ART HISTORY 101

The Art History tutor at our Further Education college is absolutely  brilliant. I reckon he could make a lecture on any subject fascinating, whether on the depiction of pigs’ tails or of pigtails. I even persuaded my son-in-law, who lives in the Basque Country, to sign up for my present course ‘The power and influence of German Art from Early Medieval to Early Modern and Beyond’ – one of the of the benefits of the Internet and Zoom.

The course begins in Medieval times. Being Jewish, I don’t recognise all of the symbols of the many Christian saints and I find the images of jeering Jews with long noses by the Cross offensive. After all, Jesus’s family was Jewish as were His first disciples. But I can appreciate the anguish portrayed and the beauty and brilliant colour of the images.

From the time of the Reformation and the destruction of art works in Protestant churches, non-religious, non-history paintings found a ready market. From then on, the art works become more to my taste, though I can appreciate the mythical works painted during the Renaissance.

Still, for me, classes are just not the same on Zoom – sitting in my living room in a carefully ironed shirt, but wearing slippers and pyjama bottoms. Our tutor’s in-person Art History classes were always full, and I miss the buzz of conversation as we students caught up with each other, the hush as he began and our occasional giggles. I even miss the indifferent coffee in the canteen at our coffee break, as well as the wicked pain au raisin I could never resist.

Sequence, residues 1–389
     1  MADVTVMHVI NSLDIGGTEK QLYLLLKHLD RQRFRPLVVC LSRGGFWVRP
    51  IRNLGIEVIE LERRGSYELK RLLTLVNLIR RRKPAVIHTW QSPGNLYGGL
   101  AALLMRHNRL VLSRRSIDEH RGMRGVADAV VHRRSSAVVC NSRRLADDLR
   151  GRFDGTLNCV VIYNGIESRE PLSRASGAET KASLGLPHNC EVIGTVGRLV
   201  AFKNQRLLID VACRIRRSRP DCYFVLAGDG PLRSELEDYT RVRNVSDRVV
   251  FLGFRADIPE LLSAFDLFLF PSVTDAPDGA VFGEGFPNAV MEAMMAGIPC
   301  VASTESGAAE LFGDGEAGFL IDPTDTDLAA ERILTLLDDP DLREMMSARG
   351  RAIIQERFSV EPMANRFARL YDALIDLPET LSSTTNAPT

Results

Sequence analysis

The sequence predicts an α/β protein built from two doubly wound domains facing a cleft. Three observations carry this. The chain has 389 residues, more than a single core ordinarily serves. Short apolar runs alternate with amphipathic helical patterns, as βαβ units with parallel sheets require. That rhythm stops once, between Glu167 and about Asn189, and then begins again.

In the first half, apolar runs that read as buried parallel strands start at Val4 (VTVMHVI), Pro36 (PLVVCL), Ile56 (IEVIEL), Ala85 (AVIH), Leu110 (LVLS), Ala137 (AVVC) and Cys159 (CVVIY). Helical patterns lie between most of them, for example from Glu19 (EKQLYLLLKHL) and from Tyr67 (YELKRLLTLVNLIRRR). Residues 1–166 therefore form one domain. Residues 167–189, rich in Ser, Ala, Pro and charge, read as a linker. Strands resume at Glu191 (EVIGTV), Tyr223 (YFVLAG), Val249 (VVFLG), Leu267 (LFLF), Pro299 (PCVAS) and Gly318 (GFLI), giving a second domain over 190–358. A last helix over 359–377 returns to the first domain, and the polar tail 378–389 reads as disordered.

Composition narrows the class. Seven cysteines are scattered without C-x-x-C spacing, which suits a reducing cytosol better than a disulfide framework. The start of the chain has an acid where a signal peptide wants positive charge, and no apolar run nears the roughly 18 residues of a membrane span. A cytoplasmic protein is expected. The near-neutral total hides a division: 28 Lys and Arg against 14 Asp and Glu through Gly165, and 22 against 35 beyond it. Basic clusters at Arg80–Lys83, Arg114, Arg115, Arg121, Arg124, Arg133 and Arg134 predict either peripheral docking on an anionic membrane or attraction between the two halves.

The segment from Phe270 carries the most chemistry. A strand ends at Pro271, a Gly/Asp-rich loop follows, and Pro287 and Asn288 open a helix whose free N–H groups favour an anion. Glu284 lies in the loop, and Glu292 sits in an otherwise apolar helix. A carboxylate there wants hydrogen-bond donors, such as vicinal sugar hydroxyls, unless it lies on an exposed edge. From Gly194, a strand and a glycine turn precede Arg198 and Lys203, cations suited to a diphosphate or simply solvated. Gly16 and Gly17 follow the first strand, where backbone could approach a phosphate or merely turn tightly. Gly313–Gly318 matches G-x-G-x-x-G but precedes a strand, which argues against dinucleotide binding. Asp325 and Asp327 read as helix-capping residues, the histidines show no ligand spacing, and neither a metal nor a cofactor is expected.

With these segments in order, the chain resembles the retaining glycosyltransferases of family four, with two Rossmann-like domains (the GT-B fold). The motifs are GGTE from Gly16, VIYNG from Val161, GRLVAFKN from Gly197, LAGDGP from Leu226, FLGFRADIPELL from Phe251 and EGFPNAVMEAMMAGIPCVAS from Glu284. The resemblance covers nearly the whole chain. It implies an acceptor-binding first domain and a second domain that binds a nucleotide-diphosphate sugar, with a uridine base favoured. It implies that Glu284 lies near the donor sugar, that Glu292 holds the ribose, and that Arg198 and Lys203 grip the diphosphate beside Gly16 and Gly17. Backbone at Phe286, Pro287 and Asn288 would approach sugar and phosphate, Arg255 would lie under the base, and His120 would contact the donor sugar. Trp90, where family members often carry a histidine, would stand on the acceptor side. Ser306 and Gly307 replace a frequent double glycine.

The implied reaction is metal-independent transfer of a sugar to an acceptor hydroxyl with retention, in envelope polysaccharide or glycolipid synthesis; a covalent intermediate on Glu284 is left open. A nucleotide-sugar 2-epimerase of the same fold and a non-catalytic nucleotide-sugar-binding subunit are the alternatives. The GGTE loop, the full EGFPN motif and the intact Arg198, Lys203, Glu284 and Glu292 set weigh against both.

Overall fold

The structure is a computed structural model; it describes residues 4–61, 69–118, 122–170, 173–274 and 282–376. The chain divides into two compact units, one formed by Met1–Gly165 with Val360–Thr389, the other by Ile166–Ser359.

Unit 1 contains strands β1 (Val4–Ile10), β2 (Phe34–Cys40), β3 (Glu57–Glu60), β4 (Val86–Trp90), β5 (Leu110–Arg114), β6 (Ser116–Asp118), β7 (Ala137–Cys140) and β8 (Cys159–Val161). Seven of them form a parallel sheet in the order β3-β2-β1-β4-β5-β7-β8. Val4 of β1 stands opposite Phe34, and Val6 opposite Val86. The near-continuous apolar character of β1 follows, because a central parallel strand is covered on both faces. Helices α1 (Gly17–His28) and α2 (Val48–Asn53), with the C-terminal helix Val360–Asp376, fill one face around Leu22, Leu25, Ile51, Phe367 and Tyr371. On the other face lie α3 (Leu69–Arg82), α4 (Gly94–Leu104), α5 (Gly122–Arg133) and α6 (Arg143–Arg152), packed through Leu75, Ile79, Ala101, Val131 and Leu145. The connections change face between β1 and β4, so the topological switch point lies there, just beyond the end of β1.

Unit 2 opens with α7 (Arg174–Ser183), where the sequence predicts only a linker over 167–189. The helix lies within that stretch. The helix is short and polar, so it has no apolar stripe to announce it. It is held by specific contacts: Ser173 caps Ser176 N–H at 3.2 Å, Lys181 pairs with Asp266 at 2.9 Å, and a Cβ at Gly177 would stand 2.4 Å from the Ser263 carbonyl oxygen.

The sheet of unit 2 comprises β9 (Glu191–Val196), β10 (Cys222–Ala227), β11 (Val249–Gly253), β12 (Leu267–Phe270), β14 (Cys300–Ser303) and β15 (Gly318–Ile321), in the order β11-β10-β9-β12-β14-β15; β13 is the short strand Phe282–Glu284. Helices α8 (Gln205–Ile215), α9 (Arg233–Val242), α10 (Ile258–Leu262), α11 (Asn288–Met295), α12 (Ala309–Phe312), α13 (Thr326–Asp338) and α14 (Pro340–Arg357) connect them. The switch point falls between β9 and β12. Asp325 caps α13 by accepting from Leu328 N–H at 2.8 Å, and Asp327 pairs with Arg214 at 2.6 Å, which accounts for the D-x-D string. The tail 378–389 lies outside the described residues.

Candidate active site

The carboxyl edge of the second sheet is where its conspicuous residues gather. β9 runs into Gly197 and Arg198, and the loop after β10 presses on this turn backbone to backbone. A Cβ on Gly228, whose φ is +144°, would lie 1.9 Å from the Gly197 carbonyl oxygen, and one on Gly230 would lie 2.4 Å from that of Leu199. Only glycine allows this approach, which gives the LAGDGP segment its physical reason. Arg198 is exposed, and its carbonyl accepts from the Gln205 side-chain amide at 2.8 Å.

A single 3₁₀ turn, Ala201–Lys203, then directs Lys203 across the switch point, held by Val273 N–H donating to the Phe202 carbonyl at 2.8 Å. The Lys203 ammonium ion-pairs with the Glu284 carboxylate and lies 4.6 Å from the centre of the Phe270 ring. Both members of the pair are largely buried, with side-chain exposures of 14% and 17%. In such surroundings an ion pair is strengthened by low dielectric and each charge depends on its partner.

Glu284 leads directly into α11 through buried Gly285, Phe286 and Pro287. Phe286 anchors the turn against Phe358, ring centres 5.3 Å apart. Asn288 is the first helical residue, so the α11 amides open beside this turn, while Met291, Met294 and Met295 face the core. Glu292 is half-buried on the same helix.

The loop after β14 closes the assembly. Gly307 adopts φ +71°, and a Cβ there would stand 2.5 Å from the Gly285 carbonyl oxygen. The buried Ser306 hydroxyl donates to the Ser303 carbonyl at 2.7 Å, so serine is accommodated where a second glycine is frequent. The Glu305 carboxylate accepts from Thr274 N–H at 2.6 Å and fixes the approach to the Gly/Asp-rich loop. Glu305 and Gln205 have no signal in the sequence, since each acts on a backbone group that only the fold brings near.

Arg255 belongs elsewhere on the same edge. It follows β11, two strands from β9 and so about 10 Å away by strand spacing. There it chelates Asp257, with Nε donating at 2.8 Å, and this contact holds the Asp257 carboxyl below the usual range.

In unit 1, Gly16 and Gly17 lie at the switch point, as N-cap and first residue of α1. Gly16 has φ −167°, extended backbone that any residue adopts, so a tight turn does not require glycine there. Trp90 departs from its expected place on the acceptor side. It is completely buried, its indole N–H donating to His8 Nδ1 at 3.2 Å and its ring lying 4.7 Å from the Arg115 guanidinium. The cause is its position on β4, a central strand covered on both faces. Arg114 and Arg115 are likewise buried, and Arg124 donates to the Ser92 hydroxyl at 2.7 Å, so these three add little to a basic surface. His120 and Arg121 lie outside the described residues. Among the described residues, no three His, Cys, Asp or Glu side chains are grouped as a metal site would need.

I’ve downloaded ‘Smartify’  and ‘ArtPassport’ and I’ve bookmarked several other sites. I have also saved a load of emails about current exhibitions. They’re great, but I so miss visiting art galleries in person.

Now that Josh and I have been vaccinated, it is safer for us to go to art galleries wearing our N95 masks and keeping our distance, but of course just now they are all closed. Maybe by the Spring??

And thanks to all you lovely people who wrote to say you enjoyed reading my memoir ‘Woman in a White Coat’. There’s something very special about hearing that I’ve given pleasure with something I’ve written.

Woman in a White Coat

Read more of Abby’s stories in her memoir ‘Woman in a White Coat’ and her previous posts Abby’s Tales of Then and Now. You can Look Inside on the Amazon site and get a taster for free.

Woman in a White Coat’ is £2.99 for the Kindle version on Amazon and £9.99 in paperback.

6 thoughts on “ART HISTORY 101”

  1. Dear Mrs Waterman,

    I am speaking on a panel on Friday which is about celebrating inspirational women. I read your book back in 2019 and I found your story not only inspirational but exceptional. During this panel on Friday I have to bring couple of favourite lines/quotes from a book on inspirational woman and I have chosen you and your book. I have my favourite lines already, however, I would be very grateful if you could provide either what was your favourite line in the book or some words/quotes that inspired you or even better some inspirational words from you to all of us women out there. There is nobody better out there to inspire next generations than you

    Love
    Eva

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